Mnuchin and Meadows. Photo: Tom Williams/CQ-Roll Call, Inc via Getty Images

White House Chief of Staff Mark Meadows told reporters after meeting with Democratic leaders on Wednesday that the two sides are "nowhere close to a deal" on a coronavirus stimulus bill, acknowledging that extra unemployment benefits will expire on Friday.

Why it matters: More than 32 million Americans are currently receiving some form of unemployment benefits, according to the most recent Labor Department data. Democrats had hoped to extend the $600 weekly supplemental unemployment benefit passed in the $2.2 trillion CARES Act, but the Senate GOP remains extremely divided.

The state of play: The White House has repeatedly floated the option of passing a "skinny" bill to extend unemployment benefits, but House Speaker Nancy Pelosi (D-Calif.) has rejected that option as unacceptable: "We have to have a comprehensive full bill," she said.

  • Senate Minority Leader Chuck Schumer (D-N.Y.) told reporters, "They're tied in a total knot because of the disunity in their caucus, their inability to gather votes."
  • "We want to come back and keep talking to them, but they don’t have anything to say," Schumer added.
  • Senate Majority Leader Mitch McConnell (R-Ky.) said on PBS Newshour Wednesday that "about 20 of our members think that we've already done enough," meaning that 20 Republicans will likely vote "no" on any coronavirus relief package.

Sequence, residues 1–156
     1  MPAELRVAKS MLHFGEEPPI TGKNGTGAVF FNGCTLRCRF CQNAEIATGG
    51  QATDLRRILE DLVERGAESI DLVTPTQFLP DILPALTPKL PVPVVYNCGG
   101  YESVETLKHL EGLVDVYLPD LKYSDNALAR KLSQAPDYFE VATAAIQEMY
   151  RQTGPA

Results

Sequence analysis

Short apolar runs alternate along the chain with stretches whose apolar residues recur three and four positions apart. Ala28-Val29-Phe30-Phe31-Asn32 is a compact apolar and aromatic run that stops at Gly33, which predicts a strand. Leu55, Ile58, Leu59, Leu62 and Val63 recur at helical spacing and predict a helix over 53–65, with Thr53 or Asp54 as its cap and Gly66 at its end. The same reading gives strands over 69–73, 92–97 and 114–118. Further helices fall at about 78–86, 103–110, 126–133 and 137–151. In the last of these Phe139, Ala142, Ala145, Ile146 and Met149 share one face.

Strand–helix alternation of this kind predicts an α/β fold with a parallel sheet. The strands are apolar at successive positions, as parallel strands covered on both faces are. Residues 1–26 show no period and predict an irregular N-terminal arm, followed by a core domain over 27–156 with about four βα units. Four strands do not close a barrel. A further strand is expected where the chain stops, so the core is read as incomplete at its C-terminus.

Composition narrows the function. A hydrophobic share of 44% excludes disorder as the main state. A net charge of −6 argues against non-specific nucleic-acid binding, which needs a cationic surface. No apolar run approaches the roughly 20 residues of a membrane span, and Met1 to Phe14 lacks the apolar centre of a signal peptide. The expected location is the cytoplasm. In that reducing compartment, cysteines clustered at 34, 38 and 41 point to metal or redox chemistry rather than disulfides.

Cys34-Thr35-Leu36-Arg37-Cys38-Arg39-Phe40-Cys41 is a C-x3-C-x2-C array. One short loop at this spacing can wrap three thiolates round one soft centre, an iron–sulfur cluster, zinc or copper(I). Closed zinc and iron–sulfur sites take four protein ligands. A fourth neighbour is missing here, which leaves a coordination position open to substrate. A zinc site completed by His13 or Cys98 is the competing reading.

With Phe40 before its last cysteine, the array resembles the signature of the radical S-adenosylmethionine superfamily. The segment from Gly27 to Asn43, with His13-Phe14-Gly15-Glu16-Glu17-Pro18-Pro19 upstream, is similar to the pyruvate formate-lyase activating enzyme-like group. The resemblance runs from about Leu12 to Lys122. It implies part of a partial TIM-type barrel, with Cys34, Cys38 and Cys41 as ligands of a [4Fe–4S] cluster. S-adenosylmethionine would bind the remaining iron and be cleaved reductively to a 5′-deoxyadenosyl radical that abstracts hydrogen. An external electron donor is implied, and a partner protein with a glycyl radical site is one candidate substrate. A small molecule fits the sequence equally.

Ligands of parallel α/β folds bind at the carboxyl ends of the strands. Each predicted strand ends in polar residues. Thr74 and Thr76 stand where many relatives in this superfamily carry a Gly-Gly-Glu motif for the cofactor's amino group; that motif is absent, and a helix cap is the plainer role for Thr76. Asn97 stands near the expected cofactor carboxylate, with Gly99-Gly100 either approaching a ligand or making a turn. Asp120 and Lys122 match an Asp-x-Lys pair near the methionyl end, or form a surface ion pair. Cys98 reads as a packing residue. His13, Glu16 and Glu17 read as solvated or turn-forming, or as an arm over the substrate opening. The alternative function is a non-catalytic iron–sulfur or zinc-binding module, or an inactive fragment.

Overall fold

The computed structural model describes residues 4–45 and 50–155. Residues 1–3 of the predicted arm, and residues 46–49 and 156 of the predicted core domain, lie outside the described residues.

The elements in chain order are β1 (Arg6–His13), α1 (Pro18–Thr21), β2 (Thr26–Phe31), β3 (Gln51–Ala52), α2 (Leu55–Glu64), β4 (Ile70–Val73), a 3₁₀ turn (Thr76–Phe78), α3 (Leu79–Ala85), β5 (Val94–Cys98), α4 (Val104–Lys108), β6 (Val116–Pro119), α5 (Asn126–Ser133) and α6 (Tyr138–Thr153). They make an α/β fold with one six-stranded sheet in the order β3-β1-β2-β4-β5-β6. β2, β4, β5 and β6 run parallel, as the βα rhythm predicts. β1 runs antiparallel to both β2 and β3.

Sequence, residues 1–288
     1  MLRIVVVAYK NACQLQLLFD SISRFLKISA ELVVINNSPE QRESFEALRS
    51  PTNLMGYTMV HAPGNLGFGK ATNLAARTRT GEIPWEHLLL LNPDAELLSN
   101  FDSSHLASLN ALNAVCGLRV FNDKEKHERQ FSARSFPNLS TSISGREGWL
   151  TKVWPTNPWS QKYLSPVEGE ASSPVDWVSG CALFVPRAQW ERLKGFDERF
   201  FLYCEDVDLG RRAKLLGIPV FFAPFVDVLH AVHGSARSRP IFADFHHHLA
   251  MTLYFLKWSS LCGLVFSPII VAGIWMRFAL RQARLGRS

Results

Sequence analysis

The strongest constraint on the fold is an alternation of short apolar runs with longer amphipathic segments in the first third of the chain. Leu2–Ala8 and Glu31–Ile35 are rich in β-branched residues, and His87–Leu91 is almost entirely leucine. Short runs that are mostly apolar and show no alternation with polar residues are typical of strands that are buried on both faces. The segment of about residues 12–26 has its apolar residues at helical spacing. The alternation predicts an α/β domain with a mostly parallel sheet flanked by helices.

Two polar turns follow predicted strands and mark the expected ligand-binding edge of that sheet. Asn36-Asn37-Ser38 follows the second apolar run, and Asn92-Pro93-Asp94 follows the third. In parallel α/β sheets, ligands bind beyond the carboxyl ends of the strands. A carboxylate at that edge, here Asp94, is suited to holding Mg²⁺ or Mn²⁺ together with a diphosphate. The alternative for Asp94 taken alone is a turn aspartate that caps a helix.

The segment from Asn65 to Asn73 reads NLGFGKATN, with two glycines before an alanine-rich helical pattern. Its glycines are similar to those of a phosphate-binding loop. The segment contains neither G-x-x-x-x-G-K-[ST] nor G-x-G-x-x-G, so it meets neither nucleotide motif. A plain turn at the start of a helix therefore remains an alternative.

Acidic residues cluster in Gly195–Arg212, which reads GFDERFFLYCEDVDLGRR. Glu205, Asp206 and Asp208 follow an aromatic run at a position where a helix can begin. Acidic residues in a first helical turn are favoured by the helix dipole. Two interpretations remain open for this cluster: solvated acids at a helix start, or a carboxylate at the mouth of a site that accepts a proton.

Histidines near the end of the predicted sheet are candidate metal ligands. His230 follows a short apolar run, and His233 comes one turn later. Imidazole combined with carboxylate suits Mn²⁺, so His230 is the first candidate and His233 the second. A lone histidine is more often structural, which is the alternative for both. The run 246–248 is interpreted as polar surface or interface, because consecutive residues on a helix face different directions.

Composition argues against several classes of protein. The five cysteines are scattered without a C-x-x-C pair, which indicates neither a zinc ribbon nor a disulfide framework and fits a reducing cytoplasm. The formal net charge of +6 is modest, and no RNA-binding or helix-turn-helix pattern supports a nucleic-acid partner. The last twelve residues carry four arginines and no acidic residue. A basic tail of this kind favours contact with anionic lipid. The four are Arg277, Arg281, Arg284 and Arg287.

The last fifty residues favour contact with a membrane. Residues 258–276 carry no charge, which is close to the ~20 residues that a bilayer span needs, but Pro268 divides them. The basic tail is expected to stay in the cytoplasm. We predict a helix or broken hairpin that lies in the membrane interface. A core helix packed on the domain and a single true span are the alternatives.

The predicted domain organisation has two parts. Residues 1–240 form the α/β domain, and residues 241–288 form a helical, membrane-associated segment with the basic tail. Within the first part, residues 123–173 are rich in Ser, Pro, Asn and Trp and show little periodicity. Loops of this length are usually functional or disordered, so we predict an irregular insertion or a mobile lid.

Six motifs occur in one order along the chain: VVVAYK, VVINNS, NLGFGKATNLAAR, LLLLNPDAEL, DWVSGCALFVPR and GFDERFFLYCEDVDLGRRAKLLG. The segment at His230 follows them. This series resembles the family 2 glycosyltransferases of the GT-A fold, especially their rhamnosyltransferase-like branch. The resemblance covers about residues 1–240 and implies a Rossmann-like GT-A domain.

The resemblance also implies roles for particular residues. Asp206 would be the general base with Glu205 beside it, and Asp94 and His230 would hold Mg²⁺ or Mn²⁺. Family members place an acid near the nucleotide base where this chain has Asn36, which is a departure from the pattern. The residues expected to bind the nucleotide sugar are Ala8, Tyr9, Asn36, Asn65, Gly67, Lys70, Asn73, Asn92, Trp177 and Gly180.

The bottom line: Asked what would be necessary to achieve a breakthrough, Meadows told reporters, "I don't know that anything does."

Go deeper ... "This is not going to be the bill": GOP senators criticize their own stimulus proposal

Go deeper

Schumer: "Nothing is off the table" if GOP moves to fill Ginsburg's seat

Sen. Chuck Schumer. Photo: Tasos Katopodis/Getty Images

Senate Minority Leader Chuck Schumer told congressional Democrats on a conference call Saturday that "nothing is off the table next year" if Senate Majority Leader Mitch McConnell and his Republican allies move to fill Justice Ruth Bader Ginsburg's Supreme Court seat in the coming weeks.

Why it matters: Schumer's comments come amid calls from fellow Democrats to expand the number of judges on the Supreme Court if President Trump and Senate Republicans move to fill the newly empty seat next time the party holds a majority in the Senate.

Mike Allen, author of AM
Updated Sep 20, 2020 - Politics & Policy

Democrats' Armageddon option

A makeshift memorial outside the Supreme Court yesterday. Photo: Jose Luis Magana/AFP via Getty Images

Furious Democrats are considering total war — profound changes to two branches of government, and even adding stars to the flag — if Republicans jam through a Supreme Court nominee then lose control of the Senate.

On the table: Adding Supreme Court justices ... eliminating the Senate's 60-vote threshold to end filibusters ... and statehood for D.C. and Puerto Rico. "If he holds a vote in 2020, we pack the court in 2021," Rep. Joe Kennedy III (D-Mass.) tweeted.

Susan Collins says Senate should postpone Supreme Court vote

Sen. Susan Collins. Photo: Tom Williams/Getty Images

Sen. Susan Collins (R-Maine) said in a statement Saturday she believes whoever is elected in the 2020 presidential race should pick the nominee to fill Justice Ruth Bader Ginsburg's Supreme Court seat.

Why it matters: Collins will be key in how the nomination process plays out. As one of the most centrist Senate Republicans, whether or not the Senate confirms Trump's SCOTUS nominee could hinge on her vote.

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